Lancia Aurelia B53 Coupe by Allemano

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Aurelia B53 Coupe by Allemano





The Lancia Aurelia is a car that was produced by the Italian manufacturer Lancia. Designed by Vittorio Jano, the Aurelia was launched in 1950 and production lasted until the summer of 1958.

The Aurelia used the first production V6 engine, a 60° design developed by Francesco de Virgilio who was, between 1943 and 1948 a Lancia engineer, and who worked under Jano. During production, capacity grew from 1.8 L to 2.5 L. Prototype engines used a bore and stroke of 68 mm x 72 mm for 1569 cc; these were tested between 1946 and 1948. It was an all-alloy pushrod design with a single camshaft between the cylinder banks. A hemispherical combustion chamber and in-line valves were used. A single Solex or Weber carburettor completed the engine. Some uprated 1991 cc models were fitted with twin carburettors.

At the rear was an innovative combination transaxle with the gearbox, clutch, differential, and inboard-mounted drum brakes. The front suspension was a sliding pillar design, with rear semi-trailing arms replaced by a de Dion tube in the Fourth series. The Aurelia was also first car to be fitted with radial tires as standard equipment

The very first Aurelias were the B10 berlinas (sedans). They used a 1754 cc version of the V6 which produced 56hp (42 kW). The B21 was released in 1951 with a larger 1991 cc 70hp (52 kW) engine. A 2-door B20 GT coupé appeared that same year. It had a shorter wheelbase and a Ghia-designed, Pininfarina-built body. The same 1991 cc engine produced 75hp (56 kW) in the B20. In all, 500 first series Aurelias were produced.

First prototype shown at 1950 Turin Car Show. Produced in small numbers, around 265 cars, by cabriolet-specialist Pinin Farina, B50 Cabriolet was a four-seat comfortable cruiser. Powered by 1,754cc engine. Majority of the production was done between 1950 -1952. Only four were upgraded to 2,000cc specification, retaining their B50 chassis numbers. Powered by 1,754cc engine. Some cars had an improved B52 platform.

The second series Aurelia coupé pushed power up to 80hp (60 kW) from the 1991 cc V6 with a higher compression ratio and repositioned valves. Other changes included better brakes and minor styling tweaks, such as chromed bumpers instead of the aluminium ones used in the earlier car. A new dashboard featured two larger instrument gauges. The suspension was unchanged from the first series. A new B22 sedan was released in 1952 with dual Webers and a hotter camshaft for 90hp (67 kW).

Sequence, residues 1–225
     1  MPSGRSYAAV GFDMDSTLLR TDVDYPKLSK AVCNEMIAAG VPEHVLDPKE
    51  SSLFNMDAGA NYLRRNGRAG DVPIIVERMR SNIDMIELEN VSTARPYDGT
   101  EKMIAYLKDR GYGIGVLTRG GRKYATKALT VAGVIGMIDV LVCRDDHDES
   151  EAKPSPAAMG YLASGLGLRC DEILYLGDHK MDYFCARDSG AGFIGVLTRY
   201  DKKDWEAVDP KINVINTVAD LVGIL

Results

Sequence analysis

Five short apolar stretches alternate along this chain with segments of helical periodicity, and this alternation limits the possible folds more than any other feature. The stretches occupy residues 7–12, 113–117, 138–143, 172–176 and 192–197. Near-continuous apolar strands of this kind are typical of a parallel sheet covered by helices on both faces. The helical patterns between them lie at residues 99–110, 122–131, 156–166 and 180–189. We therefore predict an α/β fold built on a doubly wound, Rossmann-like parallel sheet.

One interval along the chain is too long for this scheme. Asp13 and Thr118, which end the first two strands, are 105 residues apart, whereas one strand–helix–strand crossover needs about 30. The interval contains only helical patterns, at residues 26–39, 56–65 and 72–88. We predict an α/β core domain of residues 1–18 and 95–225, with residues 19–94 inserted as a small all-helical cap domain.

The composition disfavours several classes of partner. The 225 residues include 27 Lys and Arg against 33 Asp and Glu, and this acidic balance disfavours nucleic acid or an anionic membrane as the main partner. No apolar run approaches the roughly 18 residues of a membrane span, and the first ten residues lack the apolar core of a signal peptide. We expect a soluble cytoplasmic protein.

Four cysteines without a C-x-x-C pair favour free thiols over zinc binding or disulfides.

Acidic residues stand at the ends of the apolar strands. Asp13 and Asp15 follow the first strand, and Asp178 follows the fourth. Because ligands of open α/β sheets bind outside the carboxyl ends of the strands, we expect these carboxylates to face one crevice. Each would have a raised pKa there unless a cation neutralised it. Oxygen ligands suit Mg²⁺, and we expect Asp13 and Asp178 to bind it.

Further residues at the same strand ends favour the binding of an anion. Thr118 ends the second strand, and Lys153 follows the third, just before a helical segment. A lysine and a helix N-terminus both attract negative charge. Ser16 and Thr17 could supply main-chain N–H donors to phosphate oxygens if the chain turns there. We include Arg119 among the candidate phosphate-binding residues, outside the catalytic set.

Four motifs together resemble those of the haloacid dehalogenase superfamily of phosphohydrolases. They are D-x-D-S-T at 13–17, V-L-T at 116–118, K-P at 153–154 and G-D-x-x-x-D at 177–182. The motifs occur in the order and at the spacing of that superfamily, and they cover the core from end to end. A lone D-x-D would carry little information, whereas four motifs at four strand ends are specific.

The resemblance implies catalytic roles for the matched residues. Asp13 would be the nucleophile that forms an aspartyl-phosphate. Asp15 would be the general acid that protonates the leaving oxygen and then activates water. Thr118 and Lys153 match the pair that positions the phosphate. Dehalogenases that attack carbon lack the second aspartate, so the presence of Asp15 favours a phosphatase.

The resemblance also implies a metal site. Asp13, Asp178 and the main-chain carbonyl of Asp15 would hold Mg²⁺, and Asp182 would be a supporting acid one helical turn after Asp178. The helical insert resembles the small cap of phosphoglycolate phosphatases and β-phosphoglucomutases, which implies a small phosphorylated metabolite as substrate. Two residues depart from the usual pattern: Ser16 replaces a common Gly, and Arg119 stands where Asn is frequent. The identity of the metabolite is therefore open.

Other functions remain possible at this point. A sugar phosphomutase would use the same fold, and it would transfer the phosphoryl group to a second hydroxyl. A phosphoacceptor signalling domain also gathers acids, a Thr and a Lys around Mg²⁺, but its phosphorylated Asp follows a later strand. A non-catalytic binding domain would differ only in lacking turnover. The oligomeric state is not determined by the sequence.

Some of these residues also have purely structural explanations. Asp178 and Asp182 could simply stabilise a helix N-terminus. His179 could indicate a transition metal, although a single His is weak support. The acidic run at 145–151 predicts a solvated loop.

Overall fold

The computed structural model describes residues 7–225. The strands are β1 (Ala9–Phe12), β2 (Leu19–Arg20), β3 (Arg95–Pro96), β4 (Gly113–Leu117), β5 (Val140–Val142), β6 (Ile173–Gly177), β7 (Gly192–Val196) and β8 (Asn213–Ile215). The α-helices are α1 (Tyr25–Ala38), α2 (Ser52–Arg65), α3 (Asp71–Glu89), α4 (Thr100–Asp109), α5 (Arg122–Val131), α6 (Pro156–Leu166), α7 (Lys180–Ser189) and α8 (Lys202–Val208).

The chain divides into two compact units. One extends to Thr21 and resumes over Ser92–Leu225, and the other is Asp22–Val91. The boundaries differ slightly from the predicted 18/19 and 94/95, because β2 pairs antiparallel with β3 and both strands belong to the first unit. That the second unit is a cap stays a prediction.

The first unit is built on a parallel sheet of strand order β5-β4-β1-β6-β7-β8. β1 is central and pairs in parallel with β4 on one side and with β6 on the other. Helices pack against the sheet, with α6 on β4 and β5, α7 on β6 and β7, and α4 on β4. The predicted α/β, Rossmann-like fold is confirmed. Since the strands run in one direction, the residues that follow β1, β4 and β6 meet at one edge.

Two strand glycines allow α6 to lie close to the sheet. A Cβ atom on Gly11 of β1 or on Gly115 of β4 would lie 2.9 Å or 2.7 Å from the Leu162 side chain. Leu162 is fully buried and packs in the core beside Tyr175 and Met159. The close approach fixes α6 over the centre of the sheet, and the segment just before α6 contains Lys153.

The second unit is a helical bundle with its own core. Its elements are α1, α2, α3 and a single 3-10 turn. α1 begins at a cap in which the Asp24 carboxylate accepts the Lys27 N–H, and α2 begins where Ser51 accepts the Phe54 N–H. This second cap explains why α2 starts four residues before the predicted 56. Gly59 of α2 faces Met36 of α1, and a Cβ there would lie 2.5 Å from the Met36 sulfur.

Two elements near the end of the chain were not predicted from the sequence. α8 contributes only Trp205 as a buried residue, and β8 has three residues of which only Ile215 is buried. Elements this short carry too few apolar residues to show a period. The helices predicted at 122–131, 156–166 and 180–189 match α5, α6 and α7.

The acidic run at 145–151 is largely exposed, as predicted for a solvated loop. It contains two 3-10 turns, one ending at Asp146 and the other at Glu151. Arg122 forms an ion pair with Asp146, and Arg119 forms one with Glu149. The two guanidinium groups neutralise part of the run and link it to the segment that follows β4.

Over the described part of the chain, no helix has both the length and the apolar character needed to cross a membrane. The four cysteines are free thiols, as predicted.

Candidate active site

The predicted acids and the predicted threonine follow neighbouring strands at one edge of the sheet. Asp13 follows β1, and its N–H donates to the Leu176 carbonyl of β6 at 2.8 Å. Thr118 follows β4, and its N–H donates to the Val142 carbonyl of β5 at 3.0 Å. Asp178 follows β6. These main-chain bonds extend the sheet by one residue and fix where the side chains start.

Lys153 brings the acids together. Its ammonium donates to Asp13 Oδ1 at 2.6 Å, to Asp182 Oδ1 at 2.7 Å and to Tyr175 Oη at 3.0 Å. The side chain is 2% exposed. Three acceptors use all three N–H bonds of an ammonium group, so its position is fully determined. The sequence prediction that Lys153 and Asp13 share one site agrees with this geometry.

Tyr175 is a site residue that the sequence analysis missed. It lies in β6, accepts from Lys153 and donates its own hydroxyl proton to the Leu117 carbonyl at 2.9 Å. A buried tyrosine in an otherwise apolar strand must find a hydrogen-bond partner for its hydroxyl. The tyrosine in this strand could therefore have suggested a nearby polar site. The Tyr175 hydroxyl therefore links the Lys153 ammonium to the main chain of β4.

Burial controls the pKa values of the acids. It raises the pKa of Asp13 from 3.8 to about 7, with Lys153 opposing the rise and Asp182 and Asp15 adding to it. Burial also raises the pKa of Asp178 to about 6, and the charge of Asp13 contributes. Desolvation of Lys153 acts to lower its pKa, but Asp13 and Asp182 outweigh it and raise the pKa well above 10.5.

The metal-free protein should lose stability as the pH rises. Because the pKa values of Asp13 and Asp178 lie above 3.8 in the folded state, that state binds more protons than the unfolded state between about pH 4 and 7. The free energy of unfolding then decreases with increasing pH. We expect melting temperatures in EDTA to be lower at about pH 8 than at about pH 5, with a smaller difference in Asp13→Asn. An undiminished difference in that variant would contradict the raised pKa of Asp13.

At the Turin Motor Show in the spring of 1952, Pinin Farina debuted a new concept car built on a Lancia B52 Aurelia chassis alongside their freshly redesigned Nash-Healey. The B52 chassis is notable in that only 98 examples were constructed, and all were sent to bespoke coachbuilders for one-off or limited-run production. Pinin Farina’s new Aurelia was abundant with Jet Age styling cues and featured a protruding circular nose with a large chromed bezel, reminiscent of the intake of an F-86 Sabre fighter plane. A raked windshield, pontoon-style fenders, and uninterrupted beltlines led to a finned tail that had six individual exhaust tips emerging immediately above the rear bumper.

PF200 first of a short run of similarly styled cars that Pinin Farina built over the next four years, which all featured the signature gaping nose and general proportions of the first Turin car. This run principally consisted of two more open-top cars and three to four coupes.

Each PF200 varied slightly from the last, with only the prototype featuring the circular nose. Succeeding versions were constructed with more elliptic noses, while some had standard tailpipes, and others featured the bumper-through exhausts of the original Turin car. Even the three open cars varied from one another, as one had a removable top and side curtains (in true spider fashion) and the others featured wind-up windows and a more permanent soft-top.

The PF200’s styling did not go unnoticed by the public, and it spurred the build of at least two more similarly styled cars on American chassis. Jazz impresario Norman Granz saw the prototype PF200 Roadster at Turin in 1952 and ordered similar bodywork on a Cadillac 62 chassis, while Pinin Farina took their design a step further with the Palm Beach Special of 1956, which was built on a Nash Rambler chassis.

With the announcement of the B20 Coupé, a 2,000cc engine was introduced, which was also made available for the platform chassis, designated B52 or B53 (again depending on gearing/tyres). It is estimated that fewer than 90 B53 chassis were produced, the Allemano-bodied example offered here having been created for the 1953 Turin Motor Show. Carrozzeria Allemano had been founded in Turin in 1928 by Serafino Allemano, specializing at first in the repair of cars before switching exclusively to design work in the mid-1930s

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